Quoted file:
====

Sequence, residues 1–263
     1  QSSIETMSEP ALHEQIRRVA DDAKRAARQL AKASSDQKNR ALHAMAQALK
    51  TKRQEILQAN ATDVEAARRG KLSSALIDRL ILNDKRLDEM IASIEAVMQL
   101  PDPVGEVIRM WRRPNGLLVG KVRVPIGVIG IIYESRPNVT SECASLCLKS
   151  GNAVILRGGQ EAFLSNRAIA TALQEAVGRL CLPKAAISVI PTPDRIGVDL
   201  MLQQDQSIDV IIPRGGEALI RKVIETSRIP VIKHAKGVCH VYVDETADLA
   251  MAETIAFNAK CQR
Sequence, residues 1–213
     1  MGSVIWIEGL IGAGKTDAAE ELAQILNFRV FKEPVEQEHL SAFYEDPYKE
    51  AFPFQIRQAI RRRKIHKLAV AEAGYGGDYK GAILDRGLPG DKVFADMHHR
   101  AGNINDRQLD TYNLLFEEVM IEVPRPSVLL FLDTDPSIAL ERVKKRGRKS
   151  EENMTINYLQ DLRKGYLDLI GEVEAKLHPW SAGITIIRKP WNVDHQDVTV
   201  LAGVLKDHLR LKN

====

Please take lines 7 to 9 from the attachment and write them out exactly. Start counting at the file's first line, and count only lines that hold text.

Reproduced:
   251  MAETIAFNAK CQR
Sequence, residues 1–213
     1  MGSVIWIEGL IGAGKTDAAE ELAQILNFRV FKEPVEQEHL SAFYEDPYKE